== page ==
california cannabis marijuana

Welcome back to “California Cannabis: Scams and Schemes of the Week.” We are publishing this series to shed light on the unscrupulousness of certain attorneys, consultants, and operators in the California cannabis industry, with the goal of establishing a more ethical and regulated industry in the state. You can find last week’s post here.

Scam #1: Attorneys Representing Buyer and Seller and Taking Commission

We continue to see attorneys representing cannabis entities on both sides of mergers and acquisitions, and in addition to taking an hourly rate, they’re taking a commission on the deal (from both parties)! We are seeing the same attorneys appoint themselves as counsel for the purchased corporation. We’ve seen some shocking deals that harm both parties and benefit only the attorney. Most often, troubling information about a business or property is concealed for the benefit of the seller and the attorney, to the detriment of the buyer. We often see good, trusting people get taken for a ride by attorneys with unethical motivations. The incentive to close a deal as quickly as possible to get a commission is at odds with the incentive to conduct careful due diligence. Make sure your agents and attorneys have your best interests at heart, and if a lawyer tells you he or she can represent “both sides” in a transaction, run!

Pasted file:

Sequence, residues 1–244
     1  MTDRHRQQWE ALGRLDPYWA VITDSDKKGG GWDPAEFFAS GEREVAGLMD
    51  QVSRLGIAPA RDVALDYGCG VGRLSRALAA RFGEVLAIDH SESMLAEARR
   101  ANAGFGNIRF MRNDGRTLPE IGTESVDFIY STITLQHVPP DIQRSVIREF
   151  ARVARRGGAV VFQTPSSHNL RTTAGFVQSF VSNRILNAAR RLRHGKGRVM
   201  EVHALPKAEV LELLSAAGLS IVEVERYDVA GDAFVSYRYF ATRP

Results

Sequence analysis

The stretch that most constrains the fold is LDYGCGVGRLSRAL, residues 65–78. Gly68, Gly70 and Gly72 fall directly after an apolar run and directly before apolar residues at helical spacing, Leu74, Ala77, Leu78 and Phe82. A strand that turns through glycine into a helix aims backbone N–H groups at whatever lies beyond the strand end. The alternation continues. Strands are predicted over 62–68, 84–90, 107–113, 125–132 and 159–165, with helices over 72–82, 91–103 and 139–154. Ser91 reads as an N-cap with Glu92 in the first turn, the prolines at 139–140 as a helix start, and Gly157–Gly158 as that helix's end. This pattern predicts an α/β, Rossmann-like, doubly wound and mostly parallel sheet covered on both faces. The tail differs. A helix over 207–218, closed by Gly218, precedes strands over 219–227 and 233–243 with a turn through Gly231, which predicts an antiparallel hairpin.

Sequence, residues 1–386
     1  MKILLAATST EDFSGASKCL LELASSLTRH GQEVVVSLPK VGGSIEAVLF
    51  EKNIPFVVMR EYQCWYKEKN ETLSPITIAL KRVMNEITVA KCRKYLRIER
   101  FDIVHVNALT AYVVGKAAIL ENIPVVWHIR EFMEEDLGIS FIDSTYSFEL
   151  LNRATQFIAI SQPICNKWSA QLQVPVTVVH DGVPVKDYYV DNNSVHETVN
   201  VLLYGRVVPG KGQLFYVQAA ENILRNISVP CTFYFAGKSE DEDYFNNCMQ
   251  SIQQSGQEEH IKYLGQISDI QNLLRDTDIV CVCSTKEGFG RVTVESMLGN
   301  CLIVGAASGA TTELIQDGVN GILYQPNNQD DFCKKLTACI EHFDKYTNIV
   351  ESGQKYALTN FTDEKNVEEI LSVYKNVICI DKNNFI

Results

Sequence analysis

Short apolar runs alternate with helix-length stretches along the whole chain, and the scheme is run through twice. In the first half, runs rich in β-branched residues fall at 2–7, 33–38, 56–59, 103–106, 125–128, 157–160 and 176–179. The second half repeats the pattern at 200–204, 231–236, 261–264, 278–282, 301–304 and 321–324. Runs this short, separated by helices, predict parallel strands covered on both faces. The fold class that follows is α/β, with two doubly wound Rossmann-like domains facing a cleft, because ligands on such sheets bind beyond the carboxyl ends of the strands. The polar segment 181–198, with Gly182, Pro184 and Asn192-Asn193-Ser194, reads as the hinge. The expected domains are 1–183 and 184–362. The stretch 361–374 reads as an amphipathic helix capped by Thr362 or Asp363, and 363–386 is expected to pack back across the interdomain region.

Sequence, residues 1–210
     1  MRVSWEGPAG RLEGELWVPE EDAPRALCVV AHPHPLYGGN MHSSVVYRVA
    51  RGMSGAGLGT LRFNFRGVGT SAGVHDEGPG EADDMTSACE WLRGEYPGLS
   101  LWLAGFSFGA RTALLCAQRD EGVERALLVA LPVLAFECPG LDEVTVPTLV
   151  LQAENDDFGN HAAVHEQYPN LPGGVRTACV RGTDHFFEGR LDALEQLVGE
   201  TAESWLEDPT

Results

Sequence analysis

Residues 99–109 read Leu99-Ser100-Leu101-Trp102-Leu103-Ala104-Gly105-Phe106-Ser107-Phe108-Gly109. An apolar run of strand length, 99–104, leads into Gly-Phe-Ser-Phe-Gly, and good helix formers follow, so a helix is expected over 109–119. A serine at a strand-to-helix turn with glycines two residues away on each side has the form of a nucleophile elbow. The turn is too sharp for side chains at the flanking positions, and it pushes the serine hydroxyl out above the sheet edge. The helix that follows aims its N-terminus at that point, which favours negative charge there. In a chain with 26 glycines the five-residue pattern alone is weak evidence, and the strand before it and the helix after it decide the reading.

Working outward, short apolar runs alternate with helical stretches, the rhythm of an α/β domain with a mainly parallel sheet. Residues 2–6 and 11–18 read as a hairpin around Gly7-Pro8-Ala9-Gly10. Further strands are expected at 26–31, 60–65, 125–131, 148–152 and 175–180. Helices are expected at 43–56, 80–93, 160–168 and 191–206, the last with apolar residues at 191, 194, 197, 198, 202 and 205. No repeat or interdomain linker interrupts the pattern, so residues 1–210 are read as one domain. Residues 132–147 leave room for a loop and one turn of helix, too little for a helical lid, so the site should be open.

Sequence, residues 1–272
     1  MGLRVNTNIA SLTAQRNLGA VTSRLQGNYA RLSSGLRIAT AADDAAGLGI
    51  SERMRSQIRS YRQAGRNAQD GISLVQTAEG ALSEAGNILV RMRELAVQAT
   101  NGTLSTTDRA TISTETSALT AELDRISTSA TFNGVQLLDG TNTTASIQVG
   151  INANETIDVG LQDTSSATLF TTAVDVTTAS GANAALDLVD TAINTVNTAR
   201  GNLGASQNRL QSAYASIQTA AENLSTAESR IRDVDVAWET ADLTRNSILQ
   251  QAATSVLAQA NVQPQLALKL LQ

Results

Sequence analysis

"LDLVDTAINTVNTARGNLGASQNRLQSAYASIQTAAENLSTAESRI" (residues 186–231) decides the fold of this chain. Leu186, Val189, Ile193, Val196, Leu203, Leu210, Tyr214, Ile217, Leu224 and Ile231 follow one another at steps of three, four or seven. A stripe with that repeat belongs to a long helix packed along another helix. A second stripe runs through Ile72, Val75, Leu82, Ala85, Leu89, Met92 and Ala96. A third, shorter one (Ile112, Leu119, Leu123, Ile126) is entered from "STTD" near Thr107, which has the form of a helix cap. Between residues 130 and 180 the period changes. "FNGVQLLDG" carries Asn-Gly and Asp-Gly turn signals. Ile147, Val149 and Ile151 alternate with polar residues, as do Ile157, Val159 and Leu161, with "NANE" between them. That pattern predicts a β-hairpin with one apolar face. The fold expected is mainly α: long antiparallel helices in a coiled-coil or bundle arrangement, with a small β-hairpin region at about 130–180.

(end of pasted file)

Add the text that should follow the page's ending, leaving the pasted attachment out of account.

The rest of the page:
Scam # 2: The $10 Million Plot of Empty Desert Land

We’ve seen some outrageous land deals in California. There are a number desert parcels without any improvements or utilities, in the middle of nowhere, being offered for millions of dollars. Due diligence is key in real estate transactions, especially in the speculative cannabis market. Just because cannabis activity is possible in a certain jurisdiction does not mean an empty plot of desert land there is worth $10 million. Supplying that land with water, electricity, and building out the structure is no small feat. Many remote desert areas lack the infrastructure to supply these parcels with necessary utilities, and the installation of such infrastructure takes many years and substantial cost. Beware.

Scam #3: Work for Equity in My Nonprofit!